So here you are on Valentine’s Day, sitting alone in tears watching The Notebook. Why? Because you’re a nonprofit manager who has had difficulty filling key positions in your organization.
Nonprofits regularly ask me why they are having problems hiring for a role. Often, it’s because the opening is a challenging one to fill (i.e. fundraising!); but sometimes it’s due to reputational issues. In this market, candidates are skittish about joining an organization with anything less than a solid character.
Candidates in the hunt for a job take into account several reputational factors when considering whether they want to work for an organization. Here are several dynamics candidates talk to me about regularly:
- Financial Stability – Is the organization financially stable? Has it had layoffs in the recent past? What does the 990 look like? If it’s a small, Mom and Pop shop, can it weather these difficult economic times?
- Turnover – What is the turnover rate? Is it abnormally high? Why are people leaving? Do they sense they are on the Titanic?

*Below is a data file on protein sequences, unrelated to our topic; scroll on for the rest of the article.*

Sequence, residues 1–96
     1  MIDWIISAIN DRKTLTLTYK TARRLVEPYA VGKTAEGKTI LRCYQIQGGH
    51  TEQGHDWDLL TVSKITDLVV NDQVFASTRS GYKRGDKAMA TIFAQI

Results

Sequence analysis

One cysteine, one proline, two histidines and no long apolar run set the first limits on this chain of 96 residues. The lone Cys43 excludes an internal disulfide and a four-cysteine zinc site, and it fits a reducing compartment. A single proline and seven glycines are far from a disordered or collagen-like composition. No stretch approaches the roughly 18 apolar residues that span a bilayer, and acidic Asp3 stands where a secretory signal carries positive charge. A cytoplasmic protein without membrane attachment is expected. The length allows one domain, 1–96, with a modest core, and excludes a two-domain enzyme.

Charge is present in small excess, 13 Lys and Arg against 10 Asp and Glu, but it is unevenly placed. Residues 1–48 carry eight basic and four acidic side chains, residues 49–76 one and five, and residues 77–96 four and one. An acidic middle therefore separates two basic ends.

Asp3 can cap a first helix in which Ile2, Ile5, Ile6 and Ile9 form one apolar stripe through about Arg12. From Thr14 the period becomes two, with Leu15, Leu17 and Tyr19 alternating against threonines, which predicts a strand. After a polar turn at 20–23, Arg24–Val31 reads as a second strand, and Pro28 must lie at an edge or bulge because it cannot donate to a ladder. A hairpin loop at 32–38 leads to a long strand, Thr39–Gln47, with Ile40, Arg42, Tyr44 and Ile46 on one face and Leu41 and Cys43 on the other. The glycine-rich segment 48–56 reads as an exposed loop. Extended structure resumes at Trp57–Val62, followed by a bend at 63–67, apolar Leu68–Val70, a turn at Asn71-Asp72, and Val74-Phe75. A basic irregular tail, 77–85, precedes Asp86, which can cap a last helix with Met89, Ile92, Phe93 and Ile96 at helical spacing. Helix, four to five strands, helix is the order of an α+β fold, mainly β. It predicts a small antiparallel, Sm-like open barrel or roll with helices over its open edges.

- Culture – What type of culture does the organization have? Is it a healthy, positive culture that helps employees learn and grow? Is it a vibrant, entrepreneurial place to work? Or is it “churn and burn”? Are there people in high in high places who are notoriously difficult to work for? What is the word on the street about the organization’s inner-workings?
- Impact – Is the organization really making a difference? Is there movement-wide excitement about what the organization is accomplishing? Or is the work stale, staid, and inconsequential?
If you’re the president, executive director, or hiring manager for an organization that may have reputational problems, take heed, but don’t give up hope. Remember that repairing or changing a reputation takes time, but it can be done.
In fact, if you take action now, next year you won’t be sitting alone watching a sappy Rachel McAdams movie. Instead, you’ll have a repaired reputation and a happy staff with whom to hang out.
Next month we’ll tackle the nonprofit’s point of view when considering a candidate with a questionable reputation.